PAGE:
Okay, I’ll admit it.  Despite my "optimistic–don’t take things personally–it was a learning experience–this is not a confirmation that you have no talent" attitude at the disappointment of Saturday’s event, I’m feeling a little beat up.  Just a little, but that’s just enough to un-motivate me.  So I am forcing myself to get back into the blog of things.

Back Story:
Saturday, June 2, I participated in an event called PAWSAPALOOZA, which was a doggie film festival organized to benefit PAWS/LA.  As part of the festivities, there was going to be what they called a "canine midway" of dog related products and services.  It occurred to me that while this might not be the perfect venue to sell my jewelry, it could be a good opportunity to at least get my feet wet.  I have sold a lot of jewelry since I started my business in 2001, but almost all of it has been through my website.  I’ve never done any type of artist fair or even gone to any stores to try to sell my work, but lately I’ve been thinking it might be time to do that.  I decided I’d go ahead and get a booth.

Since I had almost no inventory when I decided to get the booth, I invited my sister-in-law and a friend to join me.  Both of them gave me a nice selection of jewelry to display with my own and I felt like we had a good mix of pieces.

Prior to the day of the event, I’d spent some time trying to plan how I was going to display all the jewelry.  This turned out to be a lot harder than I’d expected!  My original display was very elaborate, and included my wooden buddha to hang necklaces and bracelets on, as well as some vases and a glass shadow box.  It all looked great, but upon trying to find places to put the actual jewelry, I knew some things would have to go.  I ended up buying about 8 yards (way too much) of a black velvet type material and some styrofoam shapes to use as levels under the cloth.  That, along with some displays that Susan and Antoinette had contributed, was all I decided to use.


Upon arriving at the venue, I had about two hours to set up.  It seemed like more than enough time, but I was stressed out all the same.  Mick brought his lap top and planned to use his cell phone as a modem so we could authorize credit card purchases online.  This didn’t work out as well as we thought it would as we kept getting error messages.  Scott from PAWS/LA told us he planned to just gather all the credit card info and then authorize it off site.  While it’s riskier to do it this way, it was really the only practical thing to do.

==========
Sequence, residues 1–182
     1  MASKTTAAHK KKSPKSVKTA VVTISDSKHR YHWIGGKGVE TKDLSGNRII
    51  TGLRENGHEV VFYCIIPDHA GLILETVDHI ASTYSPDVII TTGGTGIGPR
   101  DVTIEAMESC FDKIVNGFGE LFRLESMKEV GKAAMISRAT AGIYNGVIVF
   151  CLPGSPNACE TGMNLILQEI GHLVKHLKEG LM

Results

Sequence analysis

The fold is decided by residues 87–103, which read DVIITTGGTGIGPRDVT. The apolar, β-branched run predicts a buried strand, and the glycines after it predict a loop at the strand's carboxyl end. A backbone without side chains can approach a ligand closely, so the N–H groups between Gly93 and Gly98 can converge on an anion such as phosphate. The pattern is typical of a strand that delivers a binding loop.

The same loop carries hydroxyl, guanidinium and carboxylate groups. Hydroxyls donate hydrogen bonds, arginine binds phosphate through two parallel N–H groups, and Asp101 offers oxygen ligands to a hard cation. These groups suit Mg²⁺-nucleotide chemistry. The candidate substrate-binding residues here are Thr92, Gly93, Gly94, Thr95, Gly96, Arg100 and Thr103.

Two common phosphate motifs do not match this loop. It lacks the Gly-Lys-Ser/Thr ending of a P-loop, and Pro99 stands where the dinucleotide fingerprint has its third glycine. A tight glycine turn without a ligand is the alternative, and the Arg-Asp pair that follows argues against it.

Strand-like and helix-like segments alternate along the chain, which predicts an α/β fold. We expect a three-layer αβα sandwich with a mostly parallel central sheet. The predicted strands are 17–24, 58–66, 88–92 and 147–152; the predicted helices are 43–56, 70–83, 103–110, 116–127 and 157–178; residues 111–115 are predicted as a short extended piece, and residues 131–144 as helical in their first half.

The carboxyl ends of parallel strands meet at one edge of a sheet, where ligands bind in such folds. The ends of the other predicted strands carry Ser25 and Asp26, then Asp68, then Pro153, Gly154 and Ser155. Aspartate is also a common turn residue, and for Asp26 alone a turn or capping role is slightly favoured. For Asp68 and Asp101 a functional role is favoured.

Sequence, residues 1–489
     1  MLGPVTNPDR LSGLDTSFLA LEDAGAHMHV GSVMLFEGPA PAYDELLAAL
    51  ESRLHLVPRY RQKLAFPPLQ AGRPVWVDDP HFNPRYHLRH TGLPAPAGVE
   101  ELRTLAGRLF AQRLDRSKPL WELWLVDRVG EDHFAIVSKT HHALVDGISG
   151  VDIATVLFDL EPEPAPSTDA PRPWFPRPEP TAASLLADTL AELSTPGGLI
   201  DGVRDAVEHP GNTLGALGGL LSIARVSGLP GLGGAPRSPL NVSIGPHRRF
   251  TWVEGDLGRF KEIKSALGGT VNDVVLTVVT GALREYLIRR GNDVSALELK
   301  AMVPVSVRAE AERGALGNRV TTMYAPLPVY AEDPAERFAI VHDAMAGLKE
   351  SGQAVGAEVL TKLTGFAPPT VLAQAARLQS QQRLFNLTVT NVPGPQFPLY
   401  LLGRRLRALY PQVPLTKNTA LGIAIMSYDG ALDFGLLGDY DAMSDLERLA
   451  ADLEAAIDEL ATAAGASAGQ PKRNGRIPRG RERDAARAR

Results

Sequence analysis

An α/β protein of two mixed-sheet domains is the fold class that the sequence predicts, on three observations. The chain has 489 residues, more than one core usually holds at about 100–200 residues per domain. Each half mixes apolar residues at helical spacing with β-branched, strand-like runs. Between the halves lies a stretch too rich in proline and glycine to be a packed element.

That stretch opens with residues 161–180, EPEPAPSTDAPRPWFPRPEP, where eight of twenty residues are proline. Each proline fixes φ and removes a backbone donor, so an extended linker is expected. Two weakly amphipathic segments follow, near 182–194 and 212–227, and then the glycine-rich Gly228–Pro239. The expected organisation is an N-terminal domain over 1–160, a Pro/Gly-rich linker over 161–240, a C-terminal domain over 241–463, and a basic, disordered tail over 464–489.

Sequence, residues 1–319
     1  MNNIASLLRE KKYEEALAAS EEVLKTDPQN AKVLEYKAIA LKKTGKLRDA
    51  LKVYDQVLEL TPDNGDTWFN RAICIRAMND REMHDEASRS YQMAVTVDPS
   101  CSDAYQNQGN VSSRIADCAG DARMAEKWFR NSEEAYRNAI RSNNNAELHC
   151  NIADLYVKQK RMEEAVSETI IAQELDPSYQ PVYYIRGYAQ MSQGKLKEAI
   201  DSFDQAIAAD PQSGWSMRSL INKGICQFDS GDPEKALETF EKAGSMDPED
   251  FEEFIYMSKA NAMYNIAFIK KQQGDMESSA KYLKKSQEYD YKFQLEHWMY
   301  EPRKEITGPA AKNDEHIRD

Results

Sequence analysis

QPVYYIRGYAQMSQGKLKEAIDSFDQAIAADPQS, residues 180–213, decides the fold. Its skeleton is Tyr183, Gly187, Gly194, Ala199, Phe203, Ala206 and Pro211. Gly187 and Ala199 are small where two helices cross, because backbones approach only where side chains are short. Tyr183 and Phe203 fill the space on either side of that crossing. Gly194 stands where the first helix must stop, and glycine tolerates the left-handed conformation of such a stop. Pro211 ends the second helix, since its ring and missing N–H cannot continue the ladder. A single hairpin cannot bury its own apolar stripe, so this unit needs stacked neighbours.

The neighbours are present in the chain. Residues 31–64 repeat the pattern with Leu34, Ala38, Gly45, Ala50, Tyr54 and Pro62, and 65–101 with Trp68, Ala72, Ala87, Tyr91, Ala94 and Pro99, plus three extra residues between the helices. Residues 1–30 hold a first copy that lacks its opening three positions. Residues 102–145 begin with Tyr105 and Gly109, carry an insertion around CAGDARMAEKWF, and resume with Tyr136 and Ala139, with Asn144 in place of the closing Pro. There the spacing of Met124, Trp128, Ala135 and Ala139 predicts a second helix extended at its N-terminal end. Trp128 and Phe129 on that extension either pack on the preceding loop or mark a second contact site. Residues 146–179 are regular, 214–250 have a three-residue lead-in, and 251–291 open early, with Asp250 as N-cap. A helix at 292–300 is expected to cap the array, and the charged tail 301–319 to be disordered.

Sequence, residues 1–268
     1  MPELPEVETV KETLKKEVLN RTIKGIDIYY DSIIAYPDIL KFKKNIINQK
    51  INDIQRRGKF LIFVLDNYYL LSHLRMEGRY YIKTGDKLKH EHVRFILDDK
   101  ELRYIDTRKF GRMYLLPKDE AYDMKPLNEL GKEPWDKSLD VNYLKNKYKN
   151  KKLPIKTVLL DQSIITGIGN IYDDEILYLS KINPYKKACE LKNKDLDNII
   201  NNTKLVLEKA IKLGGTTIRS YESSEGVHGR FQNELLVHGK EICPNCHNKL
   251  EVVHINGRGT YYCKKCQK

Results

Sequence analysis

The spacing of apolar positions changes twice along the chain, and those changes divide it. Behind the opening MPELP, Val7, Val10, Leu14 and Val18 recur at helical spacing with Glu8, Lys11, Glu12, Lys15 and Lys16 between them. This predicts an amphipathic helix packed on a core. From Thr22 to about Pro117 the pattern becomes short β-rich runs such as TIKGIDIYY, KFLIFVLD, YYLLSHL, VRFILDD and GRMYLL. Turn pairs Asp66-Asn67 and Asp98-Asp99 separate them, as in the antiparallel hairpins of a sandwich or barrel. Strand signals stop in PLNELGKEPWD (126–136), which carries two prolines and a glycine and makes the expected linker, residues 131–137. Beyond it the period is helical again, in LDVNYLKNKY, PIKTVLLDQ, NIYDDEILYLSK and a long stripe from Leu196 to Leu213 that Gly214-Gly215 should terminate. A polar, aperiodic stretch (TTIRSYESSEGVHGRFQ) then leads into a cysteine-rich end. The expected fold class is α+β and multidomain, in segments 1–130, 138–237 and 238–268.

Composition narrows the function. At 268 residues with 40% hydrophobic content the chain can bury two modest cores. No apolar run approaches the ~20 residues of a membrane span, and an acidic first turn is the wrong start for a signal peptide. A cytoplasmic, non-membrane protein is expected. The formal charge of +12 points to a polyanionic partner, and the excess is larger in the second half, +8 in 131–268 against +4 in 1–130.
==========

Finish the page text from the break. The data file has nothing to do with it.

Even after doing a couple of display run-throughs at home, it was still difficult to display the jewelry to its greatest effect.  I did the best I could and frankly, thought the display looked pretty good.

Above:  Mick West, my trusty assistant


This was more or less the final set up.  I put Antoinette and Susan’s jewelry on either side of mine, which was in the center, then merged some of their pieces with mine where there were similarities.  For example, Susan has some peace-themed jewelry which I placed with my peace-themed jewelry.

 
Above:  Antoinette’s display.


Above:  Holly’s display.


Above:  Susan’s display.


This is me, feigning enthusiasm as it became painfully clear that no one who came to this event was there to buy jewelry.


Above: the event is almost over and look at all the jewelry still on the table.  Can we go home yet?

Tommorow:  Lessons Learned

2 Replies to “Barking up the Wrong Tree”

  1. Antoinette says: June 5, 2007 at 11:20 am

    LOL! Poor Holly. The look on your face when it’s light out compared to dark is just horrible. I can’t tell you how much I appriciate you giving it your all and making such a huge effort. Mick too.
    The table looks GREAT. Really, you couldn’t have done any better. The jewelry all looks divine. It was just the wrong place for us, that’s all. We’ll do better next time.

  2. Jennifer says: November 7, 2007 at 9:21 am

    Try using smaller tags for pricing – your display is good but your tags distract from your fine jewelry. If you had big chunky jewelry, you could use those tags….but it’s hard to see your work through the tags…might help.

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